Homilette for Monday, November 17, 2008

Memorial of Saint Elizabeth of Hungary, religious

(Revelation 1:1-4; 2:1-5; Psalm 1; Luke 18:35-43)

In a recent film, title role character Henry Poole cannot see the face of Christ on the side of his house. “You’re not looking,” protests a woman who believes the image is miraculously produced. Whether or not it is a miracle, the woman is correct in suggesting that faith is a particular way of seeing. Faith looks beyond appearances into the heart of reality. It discerns divinity in the Eucharistic bread, loving care supporting a people devastated by famine, and the eternal destiny of life succumbing to cancer. In the gospel today, the faith of the blind beggar recognizes Jesus as Israel’s long-awaited savior even without the faculty of sight.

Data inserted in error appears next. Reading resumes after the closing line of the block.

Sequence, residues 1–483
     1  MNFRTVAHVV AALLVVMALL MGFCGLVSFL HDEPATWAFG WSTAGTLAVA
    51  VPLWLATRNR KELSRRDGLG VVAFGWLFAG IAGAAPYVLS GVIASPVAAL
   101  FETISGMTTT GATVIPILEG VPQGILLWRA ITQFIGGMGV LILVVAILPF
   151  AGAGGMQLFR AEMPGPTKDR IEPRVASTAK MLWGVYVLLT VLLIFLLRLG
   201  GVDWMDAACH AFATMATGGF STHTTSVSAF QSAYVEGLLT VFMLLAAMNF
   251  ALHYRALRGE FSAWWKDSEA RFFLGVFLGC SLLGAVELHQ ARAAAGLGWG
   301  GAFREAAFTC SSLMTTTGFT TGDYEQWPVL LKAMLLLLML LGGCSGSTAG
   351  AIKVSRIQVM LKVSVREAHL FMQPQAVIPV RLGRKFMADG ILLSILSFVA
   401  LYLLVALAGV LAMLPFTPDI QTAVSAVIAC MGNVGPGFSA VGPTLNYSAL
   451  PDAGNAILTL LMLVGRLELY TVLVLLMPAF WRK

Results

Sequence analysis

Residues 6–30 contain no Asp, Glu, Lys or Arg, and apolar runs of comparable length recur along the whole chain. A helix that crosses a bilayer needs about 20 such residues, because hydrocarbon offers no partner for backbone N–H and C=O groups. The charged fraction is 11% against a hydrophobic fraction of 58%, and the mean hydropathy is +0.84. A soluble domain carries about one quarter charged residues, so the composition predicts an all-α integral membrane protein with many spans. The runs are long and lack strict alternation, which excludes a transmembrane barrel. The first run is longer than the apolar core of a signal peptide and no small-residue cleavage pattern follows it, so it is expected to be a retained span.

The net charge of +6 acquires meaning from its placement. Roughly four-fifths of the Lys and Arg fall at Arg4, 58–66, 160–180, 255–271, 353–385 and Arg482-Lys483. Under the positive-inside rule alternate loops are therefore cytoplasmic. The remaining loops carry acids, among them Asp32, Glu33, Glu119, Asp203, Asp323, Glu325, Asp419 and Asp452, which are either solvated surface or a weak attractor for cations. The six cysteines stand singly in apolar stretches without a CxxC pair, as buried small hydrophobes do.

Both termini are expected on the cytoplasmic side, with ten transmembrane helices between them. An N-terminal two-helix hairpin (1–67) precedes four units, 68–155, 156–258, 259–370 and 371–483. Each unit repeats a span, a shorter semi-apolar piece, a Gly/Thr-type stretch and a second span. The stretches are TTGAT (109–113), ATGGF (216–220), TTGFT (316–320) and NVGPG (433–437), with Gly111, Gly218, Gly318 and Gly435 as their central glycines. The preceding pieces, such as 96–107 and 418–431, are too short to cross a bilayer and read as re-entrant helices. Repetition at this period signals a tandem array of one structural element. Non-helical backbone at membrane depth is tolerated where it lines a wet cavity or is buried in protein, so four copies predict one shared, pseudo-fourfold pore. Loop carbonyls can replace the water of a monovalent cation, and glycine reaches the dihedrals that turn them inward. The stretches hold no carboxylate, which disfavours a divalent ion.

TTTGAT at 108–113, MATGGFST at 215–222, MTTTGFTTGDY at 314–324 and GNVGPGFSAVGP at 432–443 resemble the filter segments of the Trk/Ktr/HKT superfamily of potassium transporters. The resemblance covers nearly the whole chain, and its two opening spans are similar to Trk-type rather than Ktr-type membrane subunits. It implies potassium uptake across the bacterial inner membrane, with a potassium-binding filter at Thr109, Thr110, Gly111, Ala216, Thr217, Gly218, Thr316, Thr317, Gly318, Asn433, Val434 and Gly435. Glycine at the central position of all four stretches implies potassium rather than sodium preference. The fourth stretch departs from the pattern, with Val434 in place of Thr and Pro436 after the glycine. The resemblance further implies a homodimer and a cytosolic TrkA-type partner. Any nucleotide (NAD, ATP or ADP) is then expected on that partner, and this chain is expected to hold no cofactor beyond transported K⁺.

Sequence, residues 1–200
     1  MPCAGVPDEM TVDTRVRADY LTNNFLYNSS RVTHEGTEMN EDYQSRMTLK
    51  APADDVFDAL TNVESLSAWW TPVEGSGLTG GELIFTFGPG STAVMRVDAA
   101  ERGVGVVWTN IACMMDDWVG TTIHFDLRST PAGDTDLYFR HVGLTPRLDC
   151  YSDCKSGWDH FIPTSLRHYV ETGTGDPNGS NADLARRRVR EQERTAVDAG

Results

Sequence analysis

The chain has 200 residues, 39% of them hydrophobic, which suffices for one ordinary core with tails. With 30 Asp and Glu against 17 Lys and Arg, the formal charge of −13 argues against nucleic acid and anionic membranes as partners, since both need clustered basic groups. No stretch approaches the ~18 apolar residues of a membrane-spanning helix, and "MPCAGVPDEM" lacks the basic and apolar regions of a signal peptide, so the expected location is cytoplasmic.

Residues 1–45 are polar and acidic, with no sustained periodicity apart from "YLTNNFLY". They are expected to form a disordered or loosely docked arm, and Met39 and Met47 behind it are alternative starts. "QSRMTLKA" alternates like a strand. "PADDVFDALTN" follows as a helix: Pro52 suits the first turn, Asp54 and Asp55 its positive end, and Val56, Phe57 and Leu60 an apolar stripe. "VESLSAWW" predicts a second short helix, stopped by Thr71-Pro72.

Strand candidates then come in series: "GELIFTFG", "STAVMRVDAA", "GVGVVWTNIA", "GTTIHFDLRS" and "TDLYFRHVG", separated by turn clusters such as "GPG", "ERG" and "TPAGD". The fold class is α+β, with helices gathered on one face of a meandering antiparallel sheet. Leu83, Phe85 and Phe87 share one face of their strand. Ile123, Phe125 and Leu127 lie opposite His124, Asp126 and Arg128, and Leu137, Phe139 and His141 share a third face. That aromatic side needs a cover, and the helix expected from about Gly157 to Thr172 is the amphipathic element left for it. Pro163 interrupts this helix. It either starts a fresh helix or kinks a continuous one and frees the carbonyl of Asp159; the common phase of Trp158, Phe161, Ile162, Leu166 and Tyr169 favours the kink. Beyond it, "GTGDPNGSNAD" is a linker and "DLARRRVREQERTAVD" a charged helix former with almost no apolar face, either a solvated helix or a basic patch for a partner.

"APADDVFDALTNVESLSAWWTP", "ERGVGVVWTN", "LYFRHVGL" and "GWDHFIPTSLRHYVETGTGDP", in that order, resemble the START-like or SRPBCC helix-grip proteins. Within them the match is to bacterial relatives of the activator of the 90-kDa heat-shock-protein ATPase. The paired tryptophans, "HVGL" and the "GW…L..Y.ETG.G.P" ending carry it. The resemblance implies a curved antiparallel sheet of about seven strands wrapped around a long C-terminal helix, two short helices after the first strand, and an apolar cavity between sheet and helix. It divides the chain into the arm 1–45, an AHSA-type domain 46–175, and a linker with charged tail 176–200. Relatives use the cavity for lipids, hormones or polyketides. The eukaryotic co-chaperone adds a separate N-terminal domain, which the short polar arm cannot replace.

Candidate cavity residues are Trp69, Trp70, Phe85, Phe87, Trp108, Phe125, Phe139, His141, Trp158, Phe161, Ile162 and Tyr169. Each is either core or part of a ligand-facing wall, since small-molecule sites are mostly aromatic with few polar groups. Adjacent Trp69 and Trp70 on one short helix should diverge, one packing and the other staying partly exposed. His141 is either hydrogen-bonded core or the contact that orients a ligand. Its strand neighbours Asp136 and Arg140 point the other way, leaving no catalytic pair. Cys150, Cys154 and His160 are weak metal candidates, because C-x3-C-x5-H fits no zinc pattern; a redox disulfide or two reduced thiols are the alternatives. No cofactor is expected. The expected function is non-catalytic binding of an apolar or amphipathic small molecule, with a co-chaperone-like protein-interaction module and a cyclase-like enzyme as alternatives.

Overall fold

Determination characterizes the blind man’s faith as well as conviction. When the people rebuke him – perhaps because they hear his salutation “Son of David” as blasphemy -- he yells all the louder. Because of his clamorous insistence, Jesus responds favorably to the beggar’s request for physical sight.

Finally, the man’s faith propels him to follow Jesus and to praise God. That is, he no longer sits alone but becomes part of the Christian community. Here he will meet like-minded people who have been similarly touched by Jesus’ gracious presence. Together they will comfort one another, call others to their company, and create a better world until Jesus returns in glory.